SRINAGAR: The day his friend and colleague, Devinder Singh Rana joined the BJP, Omar Abdullah turned emotional in an interview with Karan Thapar, the same evening. He saw it a loss of a relationship of 22 years.
“In politics, there are no permanent friends, no permanent interests, and no permanent enemy’s – just permanent interests,” Omar told Karan Thapar – after a long pause over the question. Though the interview was mostly around the security situation in Kashmir, Thaper said the interview will be incomplete without asking the most important question of the day. “It clearly did not serve their interest to be associated with the National conference any longer. So be it. They are not the first people to leave the National conference, they won’t be the last, we have survived many departures, we will continue to survive the departures,” he said.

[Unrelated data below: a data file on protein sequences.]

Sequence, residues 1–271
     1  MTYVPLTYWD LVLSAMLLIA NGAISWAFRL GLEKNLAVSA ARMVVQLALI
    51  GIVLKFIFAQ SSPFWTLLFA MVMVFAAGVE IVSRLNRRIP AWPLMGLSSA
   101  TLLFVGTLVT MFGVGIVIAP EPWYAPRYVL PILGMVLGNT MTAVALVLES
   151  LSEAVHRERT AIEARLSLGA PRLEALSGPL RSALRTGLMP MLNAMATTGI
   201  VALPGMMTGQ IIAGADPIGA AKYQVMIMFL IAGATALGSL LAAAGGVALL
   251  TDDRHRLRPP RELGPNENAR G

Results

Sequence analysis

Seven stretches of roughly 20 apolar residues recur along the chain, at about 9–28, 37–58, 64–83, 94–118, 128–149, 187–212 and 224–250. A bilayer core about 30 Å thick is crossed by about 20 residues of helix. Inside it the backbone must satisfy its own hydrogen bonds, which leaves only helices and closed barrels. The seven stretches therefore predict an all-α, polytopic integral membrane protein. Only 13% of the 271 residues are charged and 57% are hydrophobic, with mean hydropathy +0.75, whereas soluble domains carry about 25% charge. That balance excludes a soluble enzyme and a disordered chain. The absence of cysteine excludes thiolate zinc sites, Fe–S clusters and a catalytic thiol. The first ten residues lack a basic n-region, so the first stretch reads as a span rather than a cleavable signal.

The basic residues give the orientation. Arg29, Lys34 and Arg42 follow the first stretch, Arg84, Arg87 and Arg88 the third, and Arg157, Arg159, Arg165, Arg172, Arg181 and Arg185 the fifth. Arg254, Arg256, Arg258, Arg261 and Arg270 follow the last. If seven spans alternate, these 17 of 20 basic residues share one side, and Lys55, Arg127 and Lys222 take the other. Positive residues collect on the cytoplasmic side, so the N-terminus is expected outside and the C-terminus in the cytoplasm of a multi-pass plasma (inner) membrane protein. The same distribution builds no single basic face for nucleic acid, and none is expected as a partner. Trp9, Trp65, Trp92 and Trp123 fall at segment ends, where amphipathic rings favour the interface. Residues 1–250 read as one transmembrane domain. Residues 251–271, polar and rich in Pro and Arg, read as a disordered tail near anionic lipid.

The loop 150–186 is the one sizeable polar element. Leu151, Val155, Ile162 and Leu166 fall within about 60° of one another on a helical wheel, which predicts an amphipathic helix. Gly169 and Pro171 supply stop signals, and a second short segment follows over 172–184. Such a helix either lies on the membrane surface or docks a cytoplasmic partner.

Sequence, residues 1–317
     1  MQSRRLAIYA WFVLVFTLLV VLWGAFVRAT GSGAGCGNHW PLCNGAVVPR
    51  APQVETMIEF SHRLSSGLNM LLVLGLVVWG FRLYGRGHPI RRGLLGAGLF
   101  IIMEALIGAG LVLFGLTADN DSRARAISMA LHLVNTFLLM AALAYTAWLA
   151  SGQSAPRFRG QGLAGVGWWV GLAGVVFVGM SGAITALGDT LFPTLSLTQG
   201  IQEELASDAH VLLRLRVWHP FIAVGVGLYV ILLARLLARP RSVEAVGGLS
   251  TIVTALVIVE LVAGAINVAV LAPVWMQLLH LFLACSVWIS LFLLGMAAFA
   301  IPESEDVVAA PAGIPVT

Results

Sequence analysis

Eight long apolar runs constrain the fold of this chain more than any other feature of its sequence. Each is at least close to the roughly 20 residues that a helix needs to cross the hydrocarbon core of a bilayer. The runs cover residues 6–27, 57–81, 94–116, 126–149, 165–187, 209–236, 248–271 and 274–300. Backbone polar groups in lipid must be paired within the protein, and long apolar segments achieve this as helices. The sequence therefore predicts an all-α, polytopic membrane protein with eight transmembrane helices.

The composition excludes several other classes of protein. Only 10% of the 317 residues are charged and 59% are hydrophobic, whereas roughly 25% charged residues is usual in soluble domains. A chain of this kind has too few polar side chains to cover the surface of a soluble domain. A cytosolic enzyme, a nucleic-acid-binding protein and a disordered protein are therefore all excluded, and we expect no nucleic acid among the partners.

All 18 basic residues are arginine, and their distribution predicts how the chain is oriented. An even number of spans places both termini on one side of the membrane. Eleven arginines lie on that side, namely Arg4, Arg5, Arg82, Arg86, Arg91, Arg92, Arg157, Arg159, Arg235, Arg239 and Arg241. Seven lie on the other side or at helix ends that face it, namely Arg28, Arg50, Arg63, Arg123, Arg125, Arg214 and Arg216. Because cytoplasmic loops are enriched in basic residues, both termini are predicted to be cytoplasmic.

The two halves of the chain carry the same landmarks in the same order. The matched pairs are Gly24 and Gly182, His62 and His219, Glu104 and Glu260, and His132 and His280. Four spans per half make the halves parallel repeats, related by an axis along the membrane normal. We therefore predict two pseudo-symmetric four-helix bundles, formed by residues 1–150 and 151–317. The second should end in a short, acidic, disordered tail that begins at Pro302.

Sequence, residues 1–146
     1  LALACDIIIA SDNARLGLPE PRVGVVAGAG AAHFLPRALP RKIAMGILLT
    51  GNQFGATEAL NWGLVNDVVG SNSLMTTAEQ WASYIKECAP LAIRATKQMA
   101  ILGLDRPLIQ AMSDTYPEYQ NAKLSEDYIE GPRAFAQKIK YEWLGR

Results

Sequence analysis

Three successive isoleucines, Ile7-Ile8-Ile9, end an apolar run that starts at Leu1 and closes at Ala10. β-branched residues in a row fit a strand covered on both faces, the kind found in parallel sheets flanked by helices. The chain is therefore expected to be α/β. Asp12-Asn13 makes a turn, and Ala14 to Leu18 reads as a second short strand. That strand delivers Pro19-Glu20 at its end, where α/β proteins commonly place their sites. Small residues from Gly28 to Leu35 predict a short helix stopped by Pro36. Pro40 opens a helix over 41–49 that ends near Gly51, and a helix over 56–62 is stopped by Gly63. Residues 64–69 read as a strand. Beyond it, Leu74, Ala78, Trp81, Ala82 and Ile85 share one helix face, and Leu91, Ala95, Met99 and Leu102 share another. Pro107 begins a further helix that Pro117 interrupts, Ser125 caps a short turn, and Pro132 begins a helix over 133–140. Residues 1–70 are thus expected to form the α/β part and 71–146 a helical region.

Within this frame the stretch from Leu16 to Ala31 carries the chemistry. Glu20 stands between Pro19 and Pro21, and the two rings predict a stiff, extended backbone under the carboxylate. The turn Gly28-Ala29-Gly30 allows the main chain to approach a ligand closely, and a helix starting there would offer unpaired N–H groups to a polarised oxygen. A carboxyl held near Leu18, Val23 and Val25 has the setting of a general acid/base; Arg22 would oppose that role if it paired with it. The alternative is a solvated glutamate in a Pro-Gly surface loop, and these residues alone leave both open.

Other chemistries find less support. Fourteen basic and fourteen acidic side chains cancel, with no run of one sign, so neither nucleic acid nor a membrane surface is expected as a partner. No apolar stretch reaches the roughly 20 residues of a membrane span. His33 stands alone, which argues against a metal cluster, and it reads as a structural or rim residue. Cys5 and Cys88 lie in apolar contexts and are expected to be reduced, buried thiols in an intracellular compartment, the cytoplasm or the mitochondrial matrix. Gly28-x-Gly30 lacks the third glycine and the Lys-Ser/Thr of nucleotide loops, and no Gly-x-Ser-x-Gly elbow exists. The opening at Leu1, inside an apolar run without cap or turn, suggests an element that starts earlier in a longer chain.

Omar was candid in his response. He did not hide anything. “Honestly speaking, It is far less a blow to the National Conference than it is to me personally,” Omar said. “Because I had invested a lot in my relationship particularly with Devender but also with Surjit Salthia. For years now I have been shielding Devendra and to an extent Salathia from the sort of conspiracies in the party, particularly against Devinder.”
“I staked my own personal credibility to give him a degree of comfort in the party. Today those people were right and I was wrong,” Omar Abdullah said. “That is ok, one learns and moves on.”
Finally, Karan asked: “You feel hurt?”
Omar responded: “Difficult, not to. I have invested 22 years in this relationship.”
Asked about the politics in Jammu, Omar said the people tend to make a mistake that Jammu is a homologous space. “Jammu is not a few square kilometres around the Jammu city. It is even the plains of Jammu. The mistake that people like Devender make is that they assume Jammu is just one homogenous entity that thinks exactly alike everywhere. That is not true,” Omar said. “Jammu has many different distinct identities within the umbrella of Jammu. I dare say there will be a lot of people who would not be supporting the idea of what Devender is promoting because it is seen as an overwhelmingly communal agenda.”